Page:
The third principle Paul lays down is to establish whether or not a matter of concern is a biblical “fault.” The word Paul uses for fault primarily means, “a side-slip (lapse or deviation), i.e. an (unintentional) error”. The Greek word for fault can mean a willful transgression, but there are many things in life that come under the category of a “side-slip”, a “lapse of judgment”, or a “deviation from an acceptable social norm.”
Why is this principle important to remember? It is important because the human heart tends to magnify a situation. As a child my mother would tell me, “Do not major on minor details.” She would say, “Do not make a mountain out of a molehill.” “Do not overkill a situation.” My mother was wise.
Unfortunately, our personal preference for something can easily cause us to be needlessly angry, sinfully angry, if someone else has a different point of view, or a different way of dealing with a situation. We consider what they think, say, write, or do, a fault, when it is not a fault at all. It is simply a difference of opinion, or preference.
God does not want His people running around trying to correct every perceived wrong, and playing Holy Spirit. If there is a biblical fault, then the fault can be addressed. However, it must be addressed on gospel terms.
The fourth principle Paul lays down is that the spiritual person, the person who is in fellowship with the Lord, the person whose own life is sanctified, must approach a matter with the right spirit. The right spirit is defined as meekness.
What a contrast the spirit of meekness is to the flesh. The flesh delays addressing an issue until brooding anger leads to something being said. Then, like a volcano erupting, exploding words are expressed that are not fair or true. The meek spirit is patient.
There is another difference. The flesh rallies support from others, much like Korah, who found allies in Dathan and Abirim, before he opposed Moses (Num. 16:1-49). God would have His people avoid forming unholy alliances and unspiritual triangles, pitting one person against another. Nor does God want individuals to speak from a position of fleshly authority by issuing ultimatums. He wants those who are spiritual to approach others with meekness.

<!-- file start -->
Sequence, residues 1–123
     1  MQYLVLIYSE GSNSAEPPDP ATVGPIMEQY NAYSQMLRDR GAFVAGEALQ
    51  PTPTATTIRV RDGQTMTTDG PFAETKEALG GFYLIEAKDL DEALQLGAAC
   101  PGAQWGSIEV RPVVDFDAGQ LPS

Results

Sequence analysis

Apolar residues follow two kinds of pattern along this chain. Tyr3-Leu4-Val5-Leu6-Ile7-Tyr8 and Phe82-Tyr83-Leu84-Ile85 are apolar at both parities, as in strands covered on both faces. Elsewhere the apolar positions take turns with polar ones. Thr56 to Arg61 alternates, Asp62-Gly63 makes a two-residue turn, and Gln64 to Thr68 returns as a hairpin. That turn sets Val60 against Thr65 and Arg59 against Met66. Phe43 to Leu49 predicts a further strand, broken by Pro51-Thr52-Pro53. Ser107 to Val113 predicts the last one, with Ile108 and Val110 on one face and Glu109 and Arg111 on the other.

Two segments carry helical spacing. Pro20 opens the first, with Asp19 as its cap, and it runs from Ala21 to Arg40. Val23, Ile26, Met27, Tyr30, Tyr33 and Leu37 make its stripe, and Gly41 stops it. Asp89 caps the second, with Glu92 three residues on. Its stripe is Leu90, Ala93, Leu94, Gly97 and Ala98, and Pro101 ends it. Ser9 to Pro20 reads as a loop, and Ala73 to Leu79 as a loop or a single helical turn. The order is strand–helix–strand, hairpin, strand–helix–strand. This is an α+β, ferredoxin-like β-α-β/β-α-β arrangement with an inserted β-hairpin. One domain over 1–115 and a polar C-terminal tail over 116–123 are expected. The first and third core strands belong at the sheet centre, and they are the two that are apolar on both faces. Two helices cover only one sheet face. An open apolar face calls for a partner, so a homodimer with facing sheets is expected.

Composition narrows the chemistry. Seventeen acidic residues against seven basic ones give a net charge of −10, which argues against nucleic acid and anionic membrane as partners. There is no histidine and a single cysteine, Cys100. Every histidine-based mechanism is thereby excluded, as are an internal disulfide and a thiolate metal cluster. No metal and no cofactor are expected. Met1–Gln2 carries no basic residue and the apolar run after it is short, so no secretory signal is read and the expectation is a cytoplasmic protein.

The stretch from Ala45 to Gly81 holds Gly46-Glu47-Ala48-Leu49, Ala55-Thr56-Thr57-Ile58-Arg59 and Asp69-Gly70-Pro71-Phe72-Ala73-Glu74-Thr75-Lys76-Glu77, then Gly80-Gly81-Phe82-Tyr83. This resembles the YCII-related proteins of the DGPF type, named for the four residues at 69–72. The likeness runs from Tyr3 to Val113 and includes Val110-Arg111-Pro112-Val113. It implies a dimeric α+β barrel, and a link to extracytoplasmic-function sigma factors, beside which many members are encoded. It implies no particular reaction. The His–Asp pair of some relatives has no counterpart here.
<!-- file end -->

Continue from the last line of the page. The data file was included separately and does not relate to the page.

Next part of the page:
The fifth principle Paul establishes is that the objective of any discussion is to be restoration to fellowship. “Ye which are spiritual, restore”, which means “repair, or adjust” the matter. The objective is to restore a person to fellowship with the Lord, and with self, and with His church.
“A few years ago, an angry man rushed through the Rijks Museum in Amsterdam until he reached Rembrandt’s famous painting “Nightwatch.” Then he took out a knife and slashed it repeatedly before he could be stopped. A short time later, a distraught, hostile man slipped into St. Peter’s Cathedral in Rome with a hammer and began to smash Michelangelo’s beautiful sculpture, “The Pieta”. Two cherished works of art were severely damaged. But what did officials do? Throw them out and forget about them? Absolutely not! Using the best experts, who worked with the utmost care and precision, they made every effort to restore the treasures” (Chuck Swindoll, The Quest For Character, Multnomah, p. 49.). Each Christian is a treasure to be valued and esteemed. And, if something has gone wrong, if someone has said or done something that is not right, let the goal be restoration.